This is Part 7 in my series, The Old Rules of Business That Still Matter. Links to previous Rules are available in right sidebar.
Every four weeks I pay $85 for a haircut. $85. And I'm told that's actually a DISCOUNT off my barber's stylist's regular price.
Here's the kicker. I'm HAPPY to pay this.
I've been getting my hair cut styled by Rick Brassfield for something like 23 years now. Yes, Rick is responsibile for making me that bon vivant, irresistable-to-women hottie so many men wish they were.
Rick's barbershop salon is called the Hair Lounge. To be perfectly accurate, I believe Rick started the Hair Lounge with Marv Smith and RJ Jones, but for some reason Rick takes all the credit.
One thing I haven't figured out is this sign in both changing rooms. "Due to the SIZE… to other clients, we ask you not bring your children…?" I don't know what that means. Size of clients? Size of children? Size of appointment?
But I digress. This post is about my $85 haircut.
Several years ago I started asking myself why I was paying so much for a haircut. I couldn't rationally justify in my mind the price. So I decided to get a $25 haircut. I did it once and immediately went back to Rick the next time.
Did I get a bad $25 haircut? Not really. It was okay, which for most men is more than good enough.
The reason I went back to Rick was because going to the Hair Lounge for me is lot like Norm going to Cheers. It's the place where everybody knows my name. I walk in and immediately hairdressers call out "Steve!" They look and act genuinely happy to see me, and I think they are. As soon as Rick or Marv or RJ see me they walk up and give me a hearty handshake and man hug. Going to the Hair Lounge is like going to therapy, I suppose. It's an hour of general guy talk and decompressing. The outside world and its pressures don't exist when I'm in the Hair Lounge. I'm a happy guy.
Like I said, the $25 haircut was okay, but nothing else happened. The hairdresser didn't ask if I'd seen "Horrible Bosses," or "Thor." She didn't tell me about her latest trip to Las Vegas or Hawaii causing us to swap excellent "What happens in Vegas stays in Vegas" war stories. (I mean about RICK, not about ME, honey!)
So what am I actually paying $85 for, anyway? To fair, Rick is a world-class hair stylist. I've often suspected he keeps me on as a client more for the comedy relief than the cut. I'm not sure I've ever even seen Rick cut another guy's hair. Most of the time, he's got these amazingly beautiful women before and after me. Reminds me a bit of Warren Beatty in Shampoo. (Now I'm REALLY showing my age.)
It's pretty clear what I'm paying. It's Old Rule #7 of Business That Still Matters:
A Richly Imprinted EXPERIENCE Wants to be Repeated.
Much like previous Old Rules, the crux of this is that it's not about the product. I'm not going to Rick for an $85 haircut. I'm going for that getaway time. I'm going where I can zone out from my pressure-packed world and get my blood pressure down for a while. I'm going for an $85 Experience.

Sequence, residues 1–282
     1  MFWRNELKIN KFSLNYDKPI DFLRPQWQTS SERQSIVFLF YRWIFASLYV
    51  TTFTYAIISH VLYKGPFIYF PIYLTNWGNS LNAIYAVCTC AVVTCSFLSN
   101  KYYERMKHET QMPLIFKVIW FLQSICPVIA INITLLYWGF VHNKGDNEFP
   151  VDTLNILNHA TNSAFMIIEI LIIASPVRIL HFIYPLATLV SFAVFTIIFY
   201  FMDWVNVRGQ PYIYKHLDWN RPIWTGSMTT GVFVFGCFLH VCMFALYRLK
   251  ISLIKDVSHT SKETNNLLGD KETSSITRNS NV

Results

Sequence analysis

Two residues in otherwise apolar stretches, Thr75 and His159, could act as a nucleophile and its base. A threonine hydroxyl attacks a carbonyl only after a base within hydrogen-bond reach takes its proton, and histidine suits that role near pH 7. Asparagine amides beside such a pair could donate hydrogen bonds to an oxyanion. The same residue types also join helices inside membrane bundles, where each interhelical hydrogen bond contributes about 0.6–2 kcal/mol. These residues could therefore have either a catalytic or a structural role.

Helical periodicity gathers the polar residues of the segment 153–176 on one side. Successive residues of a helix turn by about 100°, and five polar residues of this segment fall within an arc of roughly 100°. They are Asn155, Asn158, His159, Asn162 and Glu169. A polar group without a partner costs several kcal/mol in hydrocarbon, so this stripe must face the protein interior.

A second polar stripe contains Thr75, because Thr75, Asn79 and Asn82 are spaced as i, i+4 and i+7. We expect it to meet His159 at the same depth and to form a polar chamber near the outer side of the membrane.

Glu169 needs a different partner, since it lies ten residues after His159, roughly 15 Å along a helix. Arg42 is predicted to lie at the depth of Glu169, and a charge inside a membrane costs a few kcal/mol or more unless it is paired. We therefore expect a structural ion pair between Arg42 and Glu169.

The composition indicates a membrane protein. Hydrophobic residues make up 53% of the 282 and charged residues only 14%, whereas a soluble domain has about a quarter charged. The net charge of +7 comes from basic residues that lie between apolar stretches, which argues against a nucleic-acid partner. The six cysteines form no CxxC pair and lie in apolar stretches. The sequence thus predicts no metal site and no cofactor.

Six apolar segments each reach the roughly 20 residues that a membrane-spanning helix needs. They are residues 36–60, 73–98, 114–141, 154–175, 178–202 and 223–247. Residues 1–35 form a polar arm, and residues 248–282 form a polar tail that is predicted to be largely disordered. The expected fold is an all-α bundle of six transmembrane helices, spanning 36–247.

The is a huge deal for all businesses today. The actual product or delivered service has less and less to do with the customer's perception of value and their decision to stay as a customer for a long time. It has everything to do with the experience it's all wrapped in.
In reality, Space Mountain, Big Thunder Mountain, and the Matterhorn at Disney World are just roller coasters. They're not even considered to be world-class roller coasters. But they are each wrapped in a memorable wants-to-be-repeated experience that transcends the actual rides themselves.
Experiences are based on the intangible deliverables. Intangible deliverables are usually difficult to copy. As I shared in previous Old Rules, "Everything Walks the Talk," and "Be Brilliant at the Basics." Paying attention to these greatly impacts the customer's experience and that might be all that's necessary to create what I call Uncopyable Superiority.
Having products and deliverables that are superior to the competition are often short-lived. (Anybody remember the hotel that put irons and ironing boards in the rooms FIRST?). We don't want to be easy to copy. We want to be uncopyable.
For me, my experience with Rick and the rest of the zany cast at the Hair Lounge is great. I'll also say that my experience is uncopyable, so it looks like I'm stuck with my $85 haircuts hair styling.
And I'm happy to pay it.
So Steve, since I don’t get an 85.00 haircut what are you changing in the changing room?
I get it.
How do I get my staff to get it and more importantly give it? If you are giving that
something extra, price is a non consideration.
Ronnie Smith, Camera Wholesalers,
What role do you think culture plays in being able to provide the ‘experience’?
I am a backwoods boy. What does a “hair stylist” use a changing room for? As for the rule: excellent.
I got it. It goes back to the golden rule. Provide the best and you will get it in return.
Keep sending our the old rules. It helps old duffers like me to pass them on.
I completely agree with you Steve, that’s why I looked for the hair dresser I use today. She’s great, the experience is great and her knowledge on nutrition and how to care for your hair is fabulous. I’m working on getting this message across to my marketing team. Thx, Steve!
Well as a postscript, I think you should tell the story of what happened the last time you went to Rick to get your hair cut. He was running late. You told me when it came time to pay, Rick said “no charge,” because he felt bad that you had to wait so long!
Impressive and memorable. And, after 23 years he already knew he had your loyalty. But that was, I think, an over-the-top nice move on Rick’s part.